Toney-McCallum draw in Atlantic City had it all except a crowd

December 15, 1991|By Alan Goldstein | Alan Goldstein,Sun Staff Correspondent

ATLANTIC CITY, N.J. -- Typically, the spirited 12-round draw that middleweight champion James Toney fought with Mike McCallum on Friday night created arguments from supporters of both boxers as to who really won the fight.

Toney, who retained his International Boxing Federation title by virtue of the stalemate, continued the battle during the post-fight interview when he took exception to negative remarks made by McCallum's attorney, Milton Chwasky, and had to be restrained by security guards.

Promoter Bob Arum and Toney's manager, Jackie Kallen, insisted that the Ann Arbor, Mich., slugger had won decisively and that there would be no need for a rematch.

The only thing everyone seemed to agree on was that it is easier to sell shlock than boxing art.

On Dec. 7, America's favorite folk hero, former heavyweight champion George Foreman, attracted 8,200 paying customers to Reno, Nev., to watch him pummel journeyman James Ellis before scoring a quick knockout.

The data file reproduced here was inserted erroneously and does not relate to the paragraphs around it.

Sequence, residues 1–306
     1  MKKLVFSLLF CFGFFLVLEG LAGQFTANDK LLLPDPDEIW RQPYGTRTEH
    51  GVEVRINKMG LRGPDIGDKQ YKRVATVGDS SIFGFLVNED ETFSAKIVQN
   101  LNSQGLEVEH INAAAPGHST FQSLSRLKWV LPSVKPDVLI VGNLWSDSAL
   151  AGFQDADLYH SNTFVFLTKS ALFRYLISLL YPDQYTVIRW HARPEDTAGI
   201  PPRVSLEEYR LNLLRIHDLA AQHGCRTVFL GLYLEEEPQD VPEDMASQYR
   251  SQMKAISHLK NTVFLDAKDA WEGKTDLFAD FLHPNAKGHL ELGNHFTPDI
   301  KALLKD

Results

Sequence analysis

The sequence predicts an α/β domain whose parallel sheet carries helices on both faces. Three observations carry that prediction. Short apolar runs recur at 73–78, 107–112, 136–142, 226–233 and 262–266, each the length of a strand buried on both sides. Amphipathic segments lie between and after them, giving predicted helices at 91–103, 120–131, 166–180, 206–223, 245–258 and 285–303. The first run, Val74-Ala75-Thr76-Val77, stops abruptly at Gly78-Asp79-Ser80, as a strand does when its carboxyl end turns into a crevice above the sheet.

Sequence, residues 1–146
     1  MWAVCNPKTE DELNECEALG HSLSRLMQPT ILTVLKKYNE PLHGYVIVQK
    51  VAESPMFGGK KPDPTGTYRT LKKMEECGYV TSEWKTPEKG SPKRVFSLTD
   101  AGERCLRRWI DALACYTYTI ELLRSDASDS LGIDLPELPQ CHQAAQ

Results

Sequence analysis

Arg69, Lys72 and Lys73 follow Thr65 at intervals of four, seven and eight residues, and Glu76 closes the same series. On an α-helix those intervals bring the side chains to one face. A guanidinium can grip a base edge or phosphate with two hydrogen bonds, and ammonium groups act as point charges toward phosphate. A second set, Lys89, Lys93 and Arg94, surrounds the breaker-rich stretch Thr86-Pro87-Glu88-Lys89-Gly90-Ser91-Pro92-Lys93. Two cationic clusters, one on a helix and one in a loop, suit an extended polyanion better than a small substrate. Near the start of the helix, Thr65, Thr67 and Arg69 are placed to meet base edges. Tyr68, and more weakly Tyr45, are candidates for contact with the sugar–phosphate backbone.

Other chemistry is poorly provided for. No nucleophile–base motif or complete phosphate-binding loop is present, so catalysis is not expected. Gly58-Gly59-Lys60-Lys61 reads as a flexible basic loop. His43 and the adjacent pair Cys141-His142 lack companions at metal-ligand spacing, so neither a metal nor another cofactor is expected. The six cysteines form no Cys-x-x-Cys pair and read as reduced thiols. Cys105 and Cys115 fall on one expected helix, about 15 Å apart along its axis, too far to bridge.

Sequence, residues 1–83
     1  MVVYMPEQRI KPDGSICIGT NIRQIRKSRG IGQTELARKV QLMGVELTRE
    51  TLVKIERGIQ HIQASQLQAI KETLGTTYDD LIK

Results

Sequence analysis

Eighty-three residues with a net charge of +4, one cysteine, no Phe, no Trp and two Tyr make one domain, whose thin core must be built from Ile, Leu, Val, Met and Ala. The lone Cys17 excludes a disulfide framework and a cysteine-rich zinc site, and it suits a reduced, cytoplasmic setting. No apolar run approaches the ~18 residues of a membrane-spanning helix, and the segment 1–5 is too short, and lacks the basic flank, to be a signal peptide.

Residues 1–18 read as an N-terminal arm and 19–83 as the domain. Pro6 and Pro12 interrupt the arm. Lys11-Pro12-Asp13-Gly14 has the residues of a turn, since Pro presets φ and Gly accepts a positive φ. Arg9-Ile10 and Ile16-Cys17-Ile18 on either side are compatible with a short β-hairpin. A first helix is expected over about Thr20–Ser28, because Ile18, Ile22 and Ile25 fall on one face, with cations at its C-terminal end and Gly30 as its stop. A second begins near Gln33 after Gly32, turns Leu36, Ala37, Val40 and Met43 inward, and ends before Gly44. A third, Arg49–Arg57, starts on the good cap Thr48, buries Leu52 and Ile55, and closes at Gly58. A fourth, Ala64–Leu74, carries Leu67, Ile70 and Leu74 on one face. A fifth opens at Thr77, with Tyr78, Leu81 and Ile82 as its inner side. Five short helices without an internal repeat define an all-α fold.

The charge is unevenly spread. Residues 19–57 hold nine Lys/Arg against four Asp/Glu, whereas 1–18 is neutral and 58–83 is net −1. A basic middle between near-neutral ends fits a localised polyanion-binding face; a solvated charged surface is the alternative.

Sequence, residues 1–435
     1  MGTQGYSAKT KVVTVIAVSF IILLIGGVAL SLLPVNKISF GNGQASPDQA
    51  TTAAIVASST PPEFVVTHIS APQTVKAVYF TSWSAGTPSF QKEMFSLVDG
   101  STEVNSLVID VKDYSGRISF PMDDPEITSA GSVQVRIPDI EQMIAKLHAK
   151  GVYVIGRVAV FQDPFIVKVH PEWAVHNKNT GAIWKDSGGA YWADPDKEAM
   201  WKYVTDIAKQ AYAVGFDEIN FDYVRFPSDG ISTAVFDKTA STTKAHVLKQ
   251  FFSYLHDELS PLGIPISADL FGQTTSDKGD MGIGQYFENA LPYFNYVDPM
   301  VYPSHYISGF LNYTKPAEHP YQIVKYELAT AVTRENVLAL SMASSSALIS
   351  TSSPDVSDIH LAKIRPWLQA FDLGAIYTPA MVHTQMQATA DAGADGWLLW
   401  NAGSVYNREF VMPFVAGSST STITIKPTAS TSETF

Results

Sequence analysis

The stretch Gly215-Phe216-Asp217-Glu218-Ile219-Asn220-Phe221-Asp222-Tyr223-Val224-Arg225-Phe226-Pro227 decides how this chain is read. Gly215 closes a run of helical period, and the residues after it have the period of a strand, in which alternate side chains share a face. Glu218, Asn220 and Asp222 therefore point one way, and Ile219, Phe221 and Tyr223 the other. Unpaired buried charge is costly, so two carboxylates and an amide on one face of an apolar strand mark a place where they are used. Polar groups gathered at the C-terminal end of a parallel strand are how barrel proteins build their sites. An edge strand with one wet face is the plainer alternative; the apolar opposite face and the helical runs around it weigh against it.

That came a week after a reported 1,500 paid to see Buddy zTC McGirt put on a masterful boxing performance to dethrone World Boxing Council welterweight champion Simon Brown at The Mirage in Las Vegas.

The Toney-McCallum showdown at cavernous Convention Hall drew only 4,308 for what had promised to be a classic matchup of slugger and boxer and youth vs. experience.

The fight lived up to expectations. McCallum, 35, who has few peers as a ring technician, and has lost only once in 44 professional bouts, used all his ring guile against the heavy-fisted Toney, 25.

After having his title stripped by the World Boxing Association last week for failing to meet its mandatory challenger, Steve Collins, McCallum seemed on the brink of stealing Toney's IBC ** crown in the ninth round, when he rocked the champion with two left hooks.

But Toney (28-0-2), who had displayed disdain for McCallum's punching power, began applying pressure in the last three rounds, and his booming right hands had his New York rival fighting for survival at the final bell.

"I threw more punches and felt I had piled up a big lead before he rallied in the closing rounds," said McCallum.

"I thought I pulled it out in the end," said Toney, who could try to add another middleweight title to his collection by challenging .. Julian Jackson, the WBA champion.

The only clear-cut winner Friday night was former middleweight king Marvelous Marvin Hagler, who was to have presented a handsome trophy bearing his name to the McCallum-Toney winner. But Hagler, now a European movie star, left the arena, still clutching the trophy.

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